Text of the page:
Nayan KhadapkarOwner and Manager of Kokan Bazar
Hers is a story of how a TISSian is Empowering the Female Entrepreneurs of Konkan
Nayan Khadapkar, a TISS graduate and former marriage counsellor, was born in a family, which cherished the values of socialism. Her father being an active member and the founder of a textile union, was working towards workers’ welfare. She grew up with leaders like Mr Madhu Dandavate, Mr George Fernandes and their ideologies. After completion of Master’s in Social Work from TISS-Mumbai, she worked with various agencies and community development organizations. Her experience varies from counseling workers of Metal Box to counseling ladies on the brink of broken marriages.
Nayan married Arun, a marine engineer. The first few years of their marriage went in sailing with her husband across the world. But a social worker at heart and having been deeply influenced by American poet William Ross Wallace’s words (“The hand that rocks the cradle is the hand that rules the world”), Nayan knew that women were the driving force for a change in society. She decided to implement Wallace’s philosophy and pay tribute to motherhood.
Her views and focus moved to the development of ladies to make them entrepreneurs in various fields. She worked with organization like CASP, WHO, Maze Maher and Stree Hitvardhaini and conducted various programs for women entrepreneurs. After working with women from the cities, she decided to shift her focus to rural women and their development.
However Nayan realized that our cultural and social evolution has always shown women as domestic creatures who don’t have the courage or intellect to be independent or establish themselves.
According to Nayan, following are the basic problems faced by Indian women entrepreneurs:
Lack of family support- Sometimes the family itself may make the women feel guilty of neglecting household duties in the pursuit of her business obligations. Cultural traditions may hold back a woman from venturing into her own business.
Lack of capital- traditional sources of finance like banks are reluctant to lend to women entrepreneurs especially if they do not have any male or family backing. This holds true mostly to women with low income. Women do not have adequate finance or legal knowledge to start an enterprise.
Lack of confidence and faith, lack of role models undermines the self confidence of women entrepreneurs. The activity of selling is considered abhorrent to the female gender.
Lack of right public/ private institutions: Most public and private incentives are misused and do not reach woman unless she is backed by a man. Also, many trade associations like ministries, chambers of commerce do not cater to women expecting women’s organizations to do the necessary thing.
Nayan and her husband,both had family ties with their native places where they have seen poverty, work constraints and ignorant family members settling outside villages. She decided to work for the rural area as limitation to fund, limited organization and Lack of support from the villagers.
She started visiting rural areas frequntly and interacted with the locals. Later, she approached self-help groups and through them identified women she would train in dishing out staples to help them become financially independent.
But soon she realized that she needed to provide these women with a platform to market and sell their products and that’s how the idea of Kokan Bazar was conceptualized.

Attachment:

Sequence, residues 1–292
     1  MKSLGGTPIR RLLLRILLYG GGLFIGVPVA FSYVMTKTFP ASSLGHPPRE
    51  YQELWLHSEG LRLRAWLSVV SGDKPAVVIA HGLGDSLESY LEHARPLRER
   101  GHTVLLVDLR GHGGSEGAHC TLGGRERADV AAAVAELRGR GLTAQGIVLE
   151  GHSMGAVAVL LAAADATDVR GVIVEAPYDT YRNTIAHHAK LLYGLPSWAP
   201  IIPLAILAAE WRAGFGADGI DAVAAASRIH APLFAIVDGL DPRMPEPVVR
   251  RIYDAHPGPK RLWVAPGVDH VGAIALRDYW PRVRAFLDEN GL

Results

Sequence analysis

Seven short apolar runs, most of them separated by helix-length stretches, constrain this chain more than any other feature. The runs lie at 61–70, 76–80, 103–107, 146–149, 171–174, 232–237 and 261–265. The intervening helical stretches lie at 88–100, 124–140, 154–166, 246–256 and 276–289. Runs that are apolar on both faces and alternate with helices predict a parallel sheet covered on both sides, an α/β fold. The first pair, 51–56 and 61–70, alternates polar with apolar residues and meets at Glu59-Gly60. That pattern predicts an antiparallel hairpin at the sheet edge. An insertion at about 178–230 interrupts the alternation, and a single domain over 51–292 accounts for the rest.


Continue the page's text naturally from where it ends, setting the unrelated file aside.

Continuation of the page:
Kokan Bazar located in the heart of the middle-class neighbourhood of Dadar is a one-stop store for more than 150 products sourced from villages along the Konkan coast. Kokum Juice and cashewnuts from Vengurla, dried fish and sweets made with peanuts and jaggery from Malwan, wooden fruits and toys from Sawantwadi, turmeric and coconut products from Nerur, Alphanso mango squash and jackfruit chips from Goveri have landed in the city, all thanks to Nayan Khadapkar’s initiative that helps rehabilitate women from the Kokan. Some widowed, others divorced or underprivileged women behind Kokan Bazar, pool in their skills to bring Mumbaikars fresh local produce.
Nayan also approached local food units and promised she would market their products in Mumbai if they hired women trained by her. Kokan Bazar was another brilliant idea of marketing and selling.
Nayan vision was, one woman employs 10 more, starting a chain run by women entrepreneurs.
Dipti Kolwankar, 40, from Kankavli, is a case in point. She started by making urad dal papads. Kolwankar needed money to support her family after her husband suffered a paralysis attack. Today, 25 other village women work with Kolwankar, happily rolling out their signature papads that sell under the brand name Disha Papads.
Besides Kokan Bazar, these women have successfully made inroads to other regional markets like Nashik, Kolhapur and Goa They have also begun to set up stalls at places like ST depots and railway stations. This is exactly what she set out to do — train and uplift these rural women to manufacture traditional food and handicraft. Provide or create initial market to gain confidence and then turn these skilled rural women into confident independent entrepreneurs.
The Maharashtra Economic Development Council (MEDC) and American Alumni Assocation (AAA) had chosen a few women from Maharashtra, who have proved themselves able and active champions on the social, economic and governance front. They awarded Nayan with Social Impact Karmayogini award which was presented to her by the then Chief Minister of Maharashtra, Prithviraj Chavan. Congratulating the winners, the Chief Minister said that "my own mother was a successful parliamentarian. I have learnt a lot from her and am sure that the karmayogini awards will push the boundaries of gender equality and encourage more women to achieve their dreams."